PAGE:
• Have your students create a second Gingerbread Friend that resembles themselves (hair color, eye color, favorite outfit). Guide your students in writing a friendly letter on the back of their cutout. Suggest that they include three things about themselves in their letter. Coordinate with another class in your district or school to use the gingerbread cutouts as the basis for a pen pal program. Match each student in your class with a student in the other participating class and facilitate the mailing of their Gingerbread Friends to each other. This is a great opportunity to teach students how to address envelopes and write letters!

• Weather plays a big part in the settings of Gingerbread Baby and Gingerbread Friends. Both books are set in the winter, which is the season when people traditionally bake gingerbread cookies. Ask your students to
imagine that the story was set first in spring, then summer, and then fall. In each season, what would be different about the story? What might the cover of the book look like without snow? What would they see in the village if the grass, trees, and homes weren’t covered in snow? Instead of skiing and skating, what other activities would Mattie do with his friends?

• Jan Brett’s art helps bring a beauty and emotion to her story plots, making her books instant classics. Collaborate with your school’s art teacher to develop a lesson connected to the artwork in Gingerbread Friends. What colors are most used? Do any elements reappear throughout the pages? Guide a discussion about the different characters the Gingerbread Baby meets as he is searching for a new friend. Distribute sheets of paper so that students can participate in a drawing activity. Ask them to use their imaginations to create a brand new character, not seen in Gingerbread Friends, but who could be a good friend for the Gingerbread Baby.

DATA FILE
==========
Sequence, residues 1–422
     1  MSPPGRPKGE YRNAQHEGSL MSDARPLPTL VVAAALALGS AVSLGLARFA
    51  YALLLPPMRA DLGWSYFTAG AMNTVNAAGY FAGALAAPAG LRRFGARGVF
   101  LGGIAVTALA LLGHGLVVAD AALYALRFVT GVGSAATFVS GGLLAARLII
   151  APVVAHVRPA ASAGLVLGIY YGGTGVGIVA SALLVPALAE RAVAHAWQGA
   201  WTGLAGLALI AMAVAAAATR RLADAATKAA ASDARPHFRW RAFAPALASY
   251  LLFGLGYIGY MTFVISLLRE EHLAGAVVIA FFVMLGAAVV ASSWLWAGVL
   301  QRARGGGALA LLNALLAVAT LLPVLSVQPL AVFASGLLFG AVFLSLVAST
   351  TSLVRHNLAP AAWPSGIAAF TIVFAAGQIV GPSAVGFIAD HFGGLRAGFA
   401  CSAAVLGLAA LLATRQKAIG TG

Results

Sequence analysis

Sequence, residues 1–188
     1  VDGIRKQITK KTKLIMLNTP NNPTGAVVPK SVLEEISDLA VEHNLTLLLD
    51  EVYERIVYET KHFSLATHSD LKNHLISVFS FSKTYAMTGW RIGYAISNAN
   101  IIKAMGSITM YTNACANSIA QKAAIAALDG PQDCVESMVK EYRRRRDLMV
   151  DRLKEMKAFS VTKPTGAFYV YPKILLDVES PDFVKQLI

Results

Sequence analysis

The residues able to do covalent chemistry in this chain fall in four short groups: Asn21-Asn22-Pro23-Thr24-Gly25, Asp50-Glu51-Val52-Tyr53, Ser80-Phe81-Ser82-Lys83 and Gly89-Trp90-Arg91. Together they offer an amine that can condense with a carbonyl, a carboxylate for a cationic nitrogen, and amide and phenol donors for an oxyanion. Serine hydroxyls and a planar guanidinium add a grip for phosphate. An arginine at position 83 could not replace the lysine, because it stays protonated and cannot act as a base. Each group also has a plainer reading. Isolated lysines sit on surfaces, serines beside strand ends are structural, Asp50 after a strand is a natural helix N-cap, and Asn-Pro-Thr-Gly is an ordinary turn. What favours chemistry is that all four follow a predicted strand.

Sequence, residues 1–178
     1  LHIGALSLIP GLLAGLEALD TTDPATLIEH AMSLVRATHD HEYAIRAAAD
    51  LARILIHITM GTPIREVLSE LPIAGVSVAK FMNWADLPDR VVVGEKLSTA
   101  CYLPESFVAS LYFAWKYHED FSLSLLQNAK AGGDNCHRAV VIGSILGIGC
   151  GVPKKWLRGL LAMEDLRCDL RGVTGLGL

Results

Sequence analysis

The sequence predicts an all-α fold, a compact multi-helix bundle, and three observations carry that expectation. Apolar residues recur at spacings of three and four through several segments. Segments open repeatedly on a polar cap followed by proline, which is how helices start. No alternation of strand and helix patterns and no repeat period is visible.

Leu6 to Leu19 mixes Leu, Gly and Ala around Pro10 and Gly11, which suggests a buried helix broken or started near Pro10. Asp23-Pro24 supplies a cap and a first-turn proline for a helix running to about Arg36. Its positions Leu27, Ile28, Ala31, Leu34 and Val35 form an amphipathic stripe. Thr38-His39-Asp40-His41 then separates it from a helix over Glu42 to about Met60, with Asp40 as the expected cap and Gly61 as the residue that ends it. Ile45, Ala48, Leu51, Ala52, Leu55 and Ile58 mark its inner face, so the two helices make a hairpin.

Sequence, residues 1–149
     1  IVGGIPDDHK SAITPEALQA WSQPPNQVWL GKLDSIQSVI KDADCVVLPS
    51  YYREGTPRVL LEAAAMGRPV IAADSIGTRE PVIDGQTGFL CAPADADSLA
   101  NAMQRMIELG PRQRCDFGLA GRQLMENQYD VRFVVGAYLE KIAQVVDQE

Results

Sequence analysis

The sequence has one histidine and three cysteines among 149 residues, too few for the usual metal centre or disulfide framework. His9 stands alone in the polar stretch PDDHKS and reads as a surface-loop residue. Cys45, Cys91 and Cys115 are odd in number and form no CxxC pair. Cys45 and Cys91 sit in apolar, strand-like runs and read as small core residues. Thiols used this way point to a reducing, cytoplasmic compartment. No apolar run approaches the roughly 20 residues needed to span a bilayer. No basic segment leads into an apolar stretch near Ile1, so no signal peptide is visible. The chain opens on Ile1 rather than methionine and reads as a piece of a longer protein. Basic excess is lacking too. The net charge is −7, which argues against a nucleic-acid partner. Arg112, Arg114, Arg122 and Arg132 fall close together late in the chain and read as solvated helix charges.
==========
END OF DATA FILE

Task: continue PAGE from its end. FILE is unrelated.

• The special side borders on each page of Gingerbread Friends include a recipe for making gingerbread cookies. Emphasize to your students the importance of paying attention to detail and carefully reading instructions. Using large chart paper, guide your students in a shared writing activity as you reread the story and record the recipe and directions to make gingerbread cookies. Then review math measurement units with your class, focusing on the units used in the recipe. Bring in gingerbread ingredients and cooking tools to make Gingerbread Friends out of real gingerbread! Let each child decorate his or her own cookie.

• Ask your students to examine the last page of the book, which features the many friends that Mattie has baked for the Gingerbread Baby. How many friends do they count? How many are gingerbread people, and how many are animals? Create a graph or chart detailing your class’s findings.

• Jan Brett’s Gingerbread Baby and Gingerbread Friends are great books to use in lessons to orient young students to their new classroom and classmates. Photocopy the next page and hand one sheet out to each student in your class. Invite your students to decorate their Gingerbread Friends. Suggest that they include pictures that represent themselves and their hobbies and/or interests in the space around the figure. Help your students cut their new Gingerbread Friends out and hang them around the room or on your  classroom door. Try hanging them side-by-side in a line down the hallway from the front door of the school to your classroom (or from the library or cafeteria) so that students who may not yet know their way around the school can use the trail of Gingerbread Friends as a map to their classroom.

Gingerbread Friends Artwork